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2017 Seattle Asian American Film Festival

Keeping my island in my mind: A Filipino perspective on Moana

Posted June 30th, 2017 by Brian Park in Staff Blog Posts

By Adrian Alarilla

Moana and the Austronesian Migration. Image from The Daily Opium


I have watched Moana possibly five times now. It is probably my new favorite Disney film. Yes, it does have its problems and controversies, especially with the portrayal of Maui, one of the most important deities throughout the Pacific. Yes, it does borrow a lot of elements from older Disney films. Yes, its story isn’t as tight as it could be, and has a lot of plot holes. We can be mindful of all of the film’s shortcomings, and still be able to use parts of it that are meaningful to us. And this film certainly is meaningful not only to me, but to a lot of Filipinos all over the world.

Just the mere fact that the characters have beautifully brown, shapely bodies with curly hair and cute little noses is incredibly empowering. Colonial mentality is still deeply embedded in Filipino and Filipino American culture until today, and skin whitening soaps, diet pills, hair-straightening shampoos, and whatnot are still widely used. Our Filipino parents and relatives tell us not too play in the sun too long or we would get darker, pinch our noses in the vain hopes of erasing our Filipino-ness, and openly body-shame us. That’s why having characters on the big screen that celebrate their beautiful brown bodies instead of being ashamed of them is so important to Filipino kids today.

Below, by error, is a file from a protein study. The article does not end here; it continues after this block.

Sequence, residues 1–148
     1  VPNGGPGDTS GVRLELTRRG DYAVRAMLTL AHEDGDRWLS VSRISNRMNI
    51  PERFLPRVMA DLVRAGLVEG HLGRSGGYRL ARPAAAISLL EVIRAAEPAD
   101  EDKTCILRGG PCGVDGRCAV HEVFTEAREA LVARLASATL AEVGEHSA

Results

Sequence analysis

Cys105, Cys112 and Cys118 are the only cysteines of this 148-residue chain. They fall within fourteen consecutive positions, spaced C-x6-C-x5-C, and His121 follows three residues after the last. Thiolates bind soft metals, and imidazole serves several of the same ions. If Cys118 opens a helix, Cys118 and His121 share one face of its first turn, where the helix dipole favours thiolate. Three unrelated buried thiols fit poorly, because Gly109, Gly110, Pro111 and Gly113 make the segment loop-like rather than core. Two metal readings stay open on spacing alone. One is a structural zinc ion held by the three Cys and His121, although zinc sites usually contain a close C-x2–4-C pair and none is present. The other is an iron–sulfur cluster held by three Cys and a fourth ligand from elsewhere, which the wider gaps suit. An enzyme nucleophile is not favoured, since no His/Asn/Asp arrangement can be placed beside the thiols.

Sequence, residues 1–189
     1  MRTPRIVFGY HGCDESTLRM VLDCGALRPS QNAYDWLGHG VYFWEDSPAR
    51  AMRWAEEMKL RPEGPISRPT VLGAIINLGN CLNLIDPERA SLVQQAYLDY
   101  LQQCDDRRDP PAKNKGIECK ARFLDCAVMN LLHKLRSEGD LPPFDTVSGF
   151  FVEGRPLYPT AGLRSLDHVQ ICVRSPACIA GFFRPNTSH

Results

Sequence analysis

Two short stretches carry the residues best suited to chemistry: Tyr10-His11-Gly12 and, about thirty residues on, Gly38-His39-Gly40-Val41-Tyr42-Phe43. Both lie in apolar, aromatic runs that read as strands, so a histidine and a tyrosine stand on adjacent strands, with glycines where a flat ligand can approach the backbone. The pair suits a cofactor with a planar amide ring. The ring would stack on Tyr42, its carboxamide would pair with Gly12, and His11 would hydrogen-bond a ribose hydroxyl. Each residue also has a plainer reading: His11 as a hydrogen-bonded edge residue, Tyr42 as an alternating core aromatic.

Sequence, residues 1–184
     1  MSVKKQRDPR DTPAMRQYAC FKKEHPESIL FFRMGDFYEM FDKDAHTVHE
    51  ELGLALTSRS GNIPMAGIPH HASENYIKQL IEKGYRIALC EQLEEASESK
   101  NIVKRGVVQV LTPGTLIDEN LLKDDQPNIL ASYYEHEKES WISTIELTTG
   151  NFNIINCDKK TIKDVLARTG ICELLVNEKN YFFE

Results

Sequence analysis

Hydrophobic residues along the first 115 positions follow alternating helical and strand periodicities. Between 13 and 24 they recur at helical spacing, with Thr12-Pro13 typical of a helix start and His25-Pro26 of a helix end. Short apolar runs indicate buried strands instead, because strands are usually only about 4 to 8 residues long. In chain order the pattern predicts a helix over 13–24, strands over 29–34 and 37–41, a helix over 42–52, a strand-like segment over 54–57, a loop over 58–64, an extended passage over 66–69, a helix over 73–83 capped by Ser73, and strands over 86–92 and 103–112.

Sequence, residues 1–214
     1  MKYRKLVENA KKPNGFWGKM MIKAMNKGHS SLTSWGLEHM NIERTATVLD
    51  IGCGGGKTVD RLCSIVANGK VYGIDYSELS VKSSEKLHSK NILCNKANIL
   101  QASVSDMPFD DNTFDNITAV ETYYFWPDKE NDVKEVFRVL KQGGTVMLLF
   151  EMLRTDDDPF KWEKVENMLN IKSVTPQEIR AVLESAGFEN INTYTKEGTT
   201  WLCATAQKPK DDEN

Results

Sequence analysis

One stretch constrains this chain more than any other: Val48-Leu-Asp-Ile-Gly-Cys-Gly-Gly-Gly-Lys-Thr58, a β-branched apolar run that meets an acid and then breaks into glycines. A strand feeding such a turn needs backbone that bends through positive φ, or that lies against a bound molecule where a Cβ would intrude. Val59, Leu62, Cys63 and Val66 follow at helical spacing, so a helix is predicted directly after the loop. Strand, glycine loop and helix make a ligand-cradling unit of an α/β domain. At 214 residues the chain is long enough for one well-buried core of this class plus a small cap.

Moana also invites us to explore our own precolonial history and folklore. Heihei may have been Moana’s lovable, if dopey, chicken sidekick, but according to research back in 2014, his lineage may also provide clues as to the migration patterns of the early Austronesia. The ancestry of Polynesian chicken populations can actually be traced back to the Philippines. But it’s not just chickens we have in common;  many tribes in the Philippines identify the creator of the world as a trickster and shapeshifter, who pulled the islands out of the sea and gave fire to men. In Bontoc legend, he is called Lumawig, and yes, he does sound very similar to Maui. But it is not surprising; Polynesians and Filipinos, are, after all, part of the greatest human migration: the story of the Austronesians.

And it’s a migration that continues until today. This, perhaps, is the point the resonates the most with me. Like me, and many other Filipinos, Moana had to leave her comfortable, beautiful island in order to solve her family’s problems. She encounters people different from her who may belittle her and try to bring her down. She faces many hardships along the way, and learns that she has to break traditions and innovate in order to adapt. But she never forgets her island. That she’s doing all this for her island, and for her family.

There is an old Filipino proverb, which in Tagalog goes like this: “Ang hindi marunong lumingon sa pinanggalingan, ay hindi makakarating sa paroroonan.” Its meaning approximates what Maui tells Moana: “In order to know where you’re going, you need to know where you come from.” This is the reason why I always cry whenever I watch Moana. And this is why I think Moana resonates not only to Filipinos, but to everyone in the diaspora.

Moana will be playing as part of SAAFF’s free Movies at Hing Hay Park series on July 29. There will be live performances starting at 7:00pm, and the film starts at sundown.